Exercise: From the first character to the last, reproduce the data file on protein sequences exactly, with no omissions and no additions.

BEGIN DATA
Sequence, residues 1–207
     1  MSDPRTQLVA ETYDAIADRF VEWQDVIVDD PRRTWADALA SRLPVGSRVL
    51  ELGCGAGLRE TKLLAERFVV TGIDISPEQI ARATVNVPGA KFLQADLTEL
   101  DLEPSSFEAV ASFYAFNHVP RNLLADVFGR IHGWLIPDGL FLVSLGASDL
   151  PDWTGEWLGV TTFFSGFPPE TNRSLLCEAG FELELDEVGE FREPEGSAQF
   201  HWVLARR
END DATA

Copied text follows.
Sequence, residues 1–207
     1  MSDPRTQLVA ETYDAIADRF VEWQDVIVDD PRRTWADALA SRLPVGSRVL
    51  ELGCGAGLRE TKLLAERFVV TGIDISPEQI ARATVNVPGA KFLQADLTEL
   101  DLEPSSFEAV ASFYAFNHVP RNLLADVFGR IHGWLIPDGL FLVSLGASDL
   151  PDWTGEWLGV TTFFSGFPPE TNRSLLCEAG FELELDEVGE FREPEGSAQF
   201  HWVLARR